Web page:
Canada’s oil and gas producers have delivered a mixed bag of quarterly results this season, tripped up by operational issues, pricing discrepancies and even miscalculated reserve estimates.
On Thursday, Canadian Natural Resources Ltd. will likely report strong growth in output, revenue, profit and cash flow for the fourth quarter. But investors will be listening keenly for more details on the unplanned shutdown of the Calgary-based company’s Horizon oil sands plant, and hoping for further clarity about rising development costs, the growing oil glut in the West and the outlook for natural gas.
Three weeks ago, the country’s biggest independent oil explorer said it had shut down its Horizon facility in Northern Alberta until the end of March for repairs. The temporary closure will result in an 11 per cent cut in this year’s production at Horizon, CNRL said.
Analysts reacted by trimming their price targets and earnings estimates, while investors sent the stock price down about 4 per cent.
Phil Skolnick, an analyst with Canaccord Genuity Corp., calculates that the shutdown will translate into a 1.7 per cent reduction to the company’s production guidance and reduce cash flow by $220-million this year.
On their own, those figures aren’t too disturbing. But the Street wants to know more details about what went wrong at the facility and what repairs will cost.
“There is a lack of clarity ... on what the actual issue is,” Mr. Skolnick wrote in a report. “Consequently, we believe the market will start to place a higher risk factor on Horizon and start questioning the reliability of the project.”
Nervous investors will also want CNRL officials to give an update on how they are handling rising costs in the oil sands, where prices for everything from steel to labour are on the rise. Oil sands projects already have some of the highest costs per barrel in the world – an issue that becomes especially important in light of the discount Canadian oil is carrying these days relative to benchmarks in the U.S. and overseas.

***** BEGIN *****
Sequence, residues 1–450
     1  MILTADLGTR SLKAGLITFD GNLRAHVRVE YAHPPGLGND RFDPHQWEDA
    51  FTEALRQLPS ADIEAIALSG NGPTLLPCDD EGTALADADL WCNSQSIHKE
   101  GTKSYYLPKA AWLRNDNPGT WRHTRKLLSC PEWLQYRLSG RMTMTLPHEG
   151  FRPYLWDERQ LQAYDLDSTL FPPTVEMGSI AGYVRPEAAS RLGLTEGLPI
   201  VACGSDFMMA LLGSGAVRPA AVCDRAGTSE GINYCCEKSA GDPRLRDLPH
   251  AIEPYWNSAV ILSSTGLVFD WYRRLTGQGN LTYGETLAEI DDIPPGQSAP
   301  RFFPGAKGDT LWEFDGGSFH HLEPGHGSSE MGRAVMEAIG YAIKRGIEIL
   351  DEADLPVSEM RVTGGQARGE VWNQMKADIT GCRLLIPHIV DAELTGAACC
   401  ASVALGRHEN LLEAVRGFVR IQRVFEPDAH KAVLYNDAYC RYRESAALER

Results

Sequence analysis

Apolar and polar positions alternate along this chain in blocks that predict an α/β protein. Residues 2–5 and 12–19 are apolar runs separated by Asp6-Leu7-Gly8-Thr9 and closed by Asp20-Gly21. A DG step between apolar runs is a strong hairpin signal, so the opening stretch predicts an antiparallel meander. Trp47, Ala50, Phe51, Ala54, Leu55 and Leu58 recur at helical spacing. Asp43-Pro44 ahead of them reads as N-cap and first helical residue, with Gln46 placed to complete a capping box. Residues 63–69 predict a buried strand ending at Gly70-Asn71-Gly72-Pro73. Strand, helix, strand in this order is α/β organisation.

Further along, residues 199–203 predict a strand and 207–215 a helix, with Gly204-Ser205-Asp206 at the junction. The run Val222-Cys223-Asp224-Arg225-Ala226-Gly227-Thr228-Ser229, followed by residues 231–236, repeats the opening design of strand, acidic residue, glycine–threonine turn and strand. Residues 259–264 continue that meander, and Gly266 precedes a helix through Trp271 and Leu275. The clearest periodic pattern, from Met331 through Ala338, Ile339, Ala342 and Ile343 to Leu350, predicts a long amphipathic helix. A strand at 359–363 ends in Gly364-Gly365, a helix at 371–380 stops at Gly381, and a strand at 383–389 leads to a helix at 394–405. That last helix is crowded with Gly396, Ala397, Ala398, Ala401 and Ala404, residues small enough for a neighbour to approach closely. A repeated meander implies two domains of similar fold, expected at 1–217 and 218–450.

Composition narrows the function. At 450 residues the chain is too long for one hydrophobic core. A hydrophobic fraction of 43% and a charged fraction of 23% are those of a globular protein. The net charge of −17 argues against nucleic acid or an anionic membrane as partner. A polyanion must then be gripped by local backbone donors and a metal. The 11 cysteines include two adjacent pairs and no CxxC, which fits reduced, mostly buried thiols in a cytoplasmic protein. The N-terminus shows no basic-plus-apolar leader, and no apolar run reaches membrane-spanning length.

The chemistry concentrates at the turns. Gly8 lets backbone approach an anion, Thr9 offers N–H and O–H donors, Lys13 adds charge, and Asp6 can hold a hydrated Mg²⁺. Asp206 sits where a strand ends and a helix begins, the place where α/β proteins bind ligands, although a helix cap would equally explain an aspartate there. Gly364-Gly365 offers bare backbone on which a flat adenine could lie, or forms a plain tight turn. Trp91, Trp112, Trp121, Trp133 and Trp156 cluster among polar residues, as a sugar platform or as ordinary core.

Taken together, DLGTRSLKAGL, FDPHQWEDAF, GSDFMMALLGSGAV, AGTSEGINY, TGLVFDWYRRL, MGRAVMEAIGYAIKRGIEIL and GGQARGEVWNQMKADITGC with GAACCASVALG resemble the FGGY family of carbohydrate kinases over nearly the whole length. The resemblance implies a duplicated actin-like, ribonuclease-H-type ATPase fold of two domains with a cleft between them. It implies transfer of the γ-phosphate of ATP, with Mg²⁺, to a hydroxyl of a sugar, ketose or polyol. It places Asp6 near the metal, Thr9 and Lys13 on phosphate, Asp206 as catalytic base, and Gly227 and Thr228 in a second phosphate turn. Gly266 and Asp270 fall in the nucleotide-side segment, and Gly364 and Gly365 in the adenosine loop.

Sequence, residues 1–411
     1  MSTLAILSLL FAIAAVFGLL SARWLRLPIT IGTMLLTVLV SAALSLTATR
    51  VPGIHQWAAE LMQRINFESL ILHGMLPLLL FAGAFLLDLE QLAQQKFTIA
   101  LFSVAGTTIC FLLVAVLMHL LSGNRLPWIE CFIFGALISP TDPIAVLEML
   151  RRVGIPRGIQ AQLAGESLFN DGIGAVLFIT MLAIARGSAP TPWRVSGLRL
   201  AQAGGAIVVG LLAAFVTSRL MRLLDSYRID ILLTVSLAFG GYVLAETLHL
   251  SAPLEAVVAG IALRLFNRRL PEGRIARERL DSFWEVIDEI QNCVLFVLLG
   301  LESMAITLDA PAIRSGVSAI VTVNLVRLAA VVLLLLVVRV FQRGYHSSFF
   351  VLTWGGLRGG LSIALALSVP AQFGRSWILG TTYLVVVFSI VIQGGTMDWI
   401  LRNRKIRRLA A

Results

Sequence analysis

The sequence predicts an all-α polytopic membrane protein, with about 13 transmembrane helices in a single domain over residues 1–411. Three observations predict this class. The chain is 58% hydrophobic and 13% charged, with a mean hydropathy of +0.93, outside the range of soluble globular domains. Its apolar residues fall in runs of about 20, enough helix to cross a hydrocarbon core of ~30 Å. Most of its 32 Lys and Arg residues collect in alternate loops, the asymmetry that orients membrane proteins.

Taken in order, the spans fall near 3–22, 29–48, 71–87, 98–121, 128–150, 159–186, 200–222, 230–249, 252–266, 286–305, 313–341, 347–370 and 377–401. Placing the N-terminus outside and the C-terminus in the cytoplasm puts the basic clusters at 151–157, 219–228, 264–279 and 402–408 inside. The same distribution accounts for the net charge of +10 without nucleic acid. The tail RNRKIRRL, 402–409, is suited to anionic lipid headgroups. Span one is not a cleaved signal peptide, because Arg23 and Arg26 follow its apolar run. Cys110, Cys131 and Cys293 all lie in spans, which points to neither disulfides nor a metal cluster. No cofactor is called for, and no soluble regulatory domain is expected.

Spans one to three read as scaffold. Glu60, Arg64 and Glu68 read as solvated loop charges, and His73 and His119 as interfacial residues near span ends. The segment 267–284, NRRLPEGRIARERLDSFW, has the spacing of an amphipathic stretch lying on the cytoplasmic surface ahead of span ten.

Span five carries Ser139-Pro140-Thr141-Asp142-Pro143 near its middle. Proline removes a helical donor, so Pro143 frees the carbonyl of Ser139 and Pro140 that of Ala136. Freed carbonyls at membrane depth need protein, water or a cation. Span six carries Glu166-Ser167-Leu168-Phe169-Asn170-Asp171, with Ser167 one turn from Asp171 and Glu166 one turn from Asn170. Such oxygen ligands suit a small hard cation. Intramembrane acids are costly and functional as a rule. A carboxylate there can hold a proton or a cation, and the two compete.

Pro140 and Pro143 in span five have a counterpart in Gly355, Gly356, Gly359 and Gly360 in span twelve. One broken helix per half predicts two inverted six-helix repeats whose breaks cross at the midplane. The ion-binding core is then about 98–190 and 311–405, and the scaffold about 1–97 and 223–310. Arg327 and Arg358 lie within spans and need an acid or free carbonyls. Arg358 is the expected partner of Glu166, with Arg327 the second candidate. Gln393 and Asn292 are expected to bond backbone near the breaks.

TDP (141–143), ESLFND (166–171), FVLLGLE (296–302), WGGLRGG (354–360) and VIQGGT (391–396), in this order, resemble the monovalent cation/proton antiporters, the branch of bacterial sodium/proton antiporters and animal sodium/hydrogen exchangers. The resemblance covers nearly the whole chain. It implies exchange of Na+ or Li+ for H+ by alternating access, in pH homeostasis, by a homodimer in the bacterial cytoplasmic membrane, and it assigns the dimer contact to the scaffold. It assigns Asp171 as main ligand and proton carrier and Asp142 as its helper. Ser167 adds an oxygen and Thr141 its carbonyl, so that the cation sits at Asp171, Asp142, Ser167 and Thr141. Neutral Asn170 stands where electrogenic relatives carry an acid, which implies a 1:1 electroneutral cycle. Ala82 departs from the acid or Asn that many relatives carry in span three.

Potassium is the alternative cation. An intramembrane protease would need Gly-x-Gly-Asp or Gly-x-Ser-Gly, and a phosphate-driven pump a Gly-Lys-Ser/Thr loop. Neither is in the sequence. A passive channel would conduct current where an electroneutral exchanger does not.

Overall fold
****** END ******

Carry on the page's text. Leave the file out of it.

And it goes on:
The price discrepancy comes as the U.S. boosts oil output, from Louisiana to North Dakota, and as unexpected refinery outages and pipeline bottlenecks restrict the ability of Canadian producers to get their oil to refining hubs in the U.S.
Last month, Cenovus Energy Inc. shipped oil to a Chinese customer for the first time, bypassing North American infrastructure problems and getting a higher price for the crude than it would have locally. But few believe that making relatively small shipments overseas will solve the current pricing problem.
“With the Canadian producers relatively more exposed not only to North American heavy oil, but also to North American natural gas, we believe investors will look for management comments on the flexibility of capital spending in 2012 in the event of sustained weakness in inland North American crude oil pricing,” Katherine Minyard, an analyst with JPMorgan Chase & Co., wrote in a research note.
During the quarter, CNRL president Steve Laut said the company expects to raise its energy output by 17 per cent this year and spend $7-billion to boost capacity, including drilling new wells in the North Sea and off Ivory Coast. That is part of a larger plan to double oil production to one million barrels a day in the next decade.
There are no plans, however, to raise natural gas production any time soon given low prices for the commodity, which Mr. Laut said he expects will remain an issue for the next five to 10 years.
CNRL is the second largest producer of natural gas in Western Canada and the largest heavy oil producer. Greg Pardy, of RBC Dominion Securities Inc., forecasts that crude oil will account for 69 per cent of the company’s production this year, up from 65 per cent in 2011. He also estimates that Canadian oil will trade at an average 1.3 per cent discount to U.S. oil this year, increasing to a 6 per cent gap next year.